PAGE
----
The address master card set is formed by aligning the upper edge 26 of sheet 20 with an edge of address card 10 and applying a strip of adhesive tape 30 to the sheet 20 and address card 10. Since edge 26 of sheet 20 is aligned with the edge of card 10, the tape 30 will contact the surface of card 10 only in the area of notch 24.
The adhesive tape 30 should be a tape having optimum "tackiness". The tape must be tacky enough to hold immediately and not so tacky as to bond tightly upon age. A "lo-tack" drafting tape manufactured by 3M Company, St. Paul, Minn., identified as "3M Tape No. 230" has been found to have the correct tackiness characteristics on both a short term and long term basis.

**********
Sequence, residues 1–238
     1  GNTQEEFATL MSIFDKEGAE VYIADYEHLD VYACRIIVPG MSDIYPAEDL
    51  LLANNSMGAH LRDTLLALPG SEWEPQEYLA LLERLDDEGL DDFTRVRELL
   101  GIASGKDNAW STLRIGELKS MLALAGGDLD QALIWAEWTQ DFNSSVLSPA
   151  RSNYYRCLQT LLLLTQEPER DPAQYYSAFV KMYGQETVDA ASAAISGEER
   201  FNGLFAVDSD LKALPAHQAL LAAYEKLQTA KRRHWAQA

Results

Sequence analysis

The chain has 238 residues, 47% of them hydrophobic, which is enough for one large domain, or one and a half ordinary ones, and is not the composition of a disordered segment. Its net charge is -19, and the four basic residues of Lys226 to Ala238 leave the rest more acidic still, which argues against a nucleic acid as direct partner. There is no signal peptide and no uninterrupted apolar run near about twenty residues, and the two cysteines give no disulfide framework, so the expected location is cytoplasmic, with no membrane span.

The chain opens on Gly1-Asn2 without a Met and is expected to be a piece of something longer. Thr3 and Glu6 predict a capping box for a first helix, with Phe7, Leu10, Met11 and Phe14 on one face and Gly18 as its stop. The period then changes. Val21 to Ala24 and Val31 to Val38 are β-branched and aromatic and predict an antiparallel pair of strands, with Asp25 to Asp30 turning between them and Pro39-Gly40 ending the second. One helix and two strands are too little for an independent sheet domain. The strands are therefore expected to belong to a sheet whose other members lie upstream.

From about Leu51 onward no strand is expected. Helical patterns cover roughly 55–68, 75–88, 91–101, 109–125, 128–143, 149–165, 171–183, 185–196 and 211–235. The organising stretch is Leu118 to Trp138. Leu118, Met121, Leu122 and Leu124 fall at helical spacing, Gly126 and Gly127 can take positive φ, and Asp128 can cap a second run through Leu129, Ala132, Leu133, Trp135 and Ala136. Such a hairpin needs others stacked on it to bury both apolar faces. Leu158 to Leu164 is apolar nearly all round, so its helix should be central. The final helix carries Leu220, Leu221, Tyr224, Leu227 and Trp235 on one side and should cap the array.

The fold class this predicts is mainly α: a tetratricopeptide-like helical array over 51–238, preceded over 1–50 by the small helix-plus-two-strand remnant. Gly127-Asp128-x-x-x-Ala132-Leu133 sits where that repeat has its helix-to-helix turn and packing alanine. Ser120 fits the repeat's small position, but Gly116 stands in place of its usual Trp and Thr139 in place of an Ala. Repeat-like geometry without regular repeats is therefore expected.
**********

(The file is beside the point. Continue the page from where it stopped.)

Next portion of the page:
The address master card set shown in FIGS. 1 and 2 can be utilized by applying pressure to the back of address card 10 to force a portion of the face of the card against the hectographic carbon coating 22 of sheet 20 to apply a reverse hectographic image 29 to a desired area of address card 10. The image can be applied by use of a typewriter or by use of a pencil or pen. After the image 29 has been placed on the address card, there is no further need for sheet 20 and it can be removed by grasping it firmly and pulling it away from the surface of the address card. Because of the low tackiness of the tape holding sheet 20 in place, and because of the limited area of notch 24 which limits the area bonding between tape 30 and card 10, sheet 20 can be readily removed without damage to the card surface and without leaving any adhesive residue on the surface or end of card 10 as was common with prior art master address card sets.